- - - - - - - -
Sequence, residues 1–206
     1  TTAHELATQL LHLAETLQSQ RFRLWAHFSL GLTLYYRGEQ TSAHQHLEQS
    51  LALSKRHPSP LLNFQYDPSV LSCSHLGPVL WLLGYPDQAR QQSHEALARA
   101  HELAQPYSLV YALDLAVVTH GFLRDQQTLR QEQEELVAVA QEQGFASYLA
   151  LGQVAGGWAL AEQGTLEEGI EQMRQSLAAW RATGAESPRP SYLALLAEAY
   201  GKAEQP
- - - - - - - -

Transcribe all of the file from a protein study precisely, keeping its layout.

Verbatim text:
Sequence, residues 1–206
     1  TTAHELATQL LHLAETLQSQ RFRLWAHFSL GLTLYYRGEQ TSAHQHLEQS
    51  LALSKRHPSP LLNFQYDPSV LSCSHLGPVL WLLGYPDQAR QQSHEALARA
   101  HELAQPYSLV YALDLAVVTH GFLRDQQTLR QEQEELVAVA QEQGFASYLA
   151  LGQVAGGWAL AEQGTLEEGI EQMRQSLAAW RATGAESPRP SYLALLAEAY
   201  GKAEQP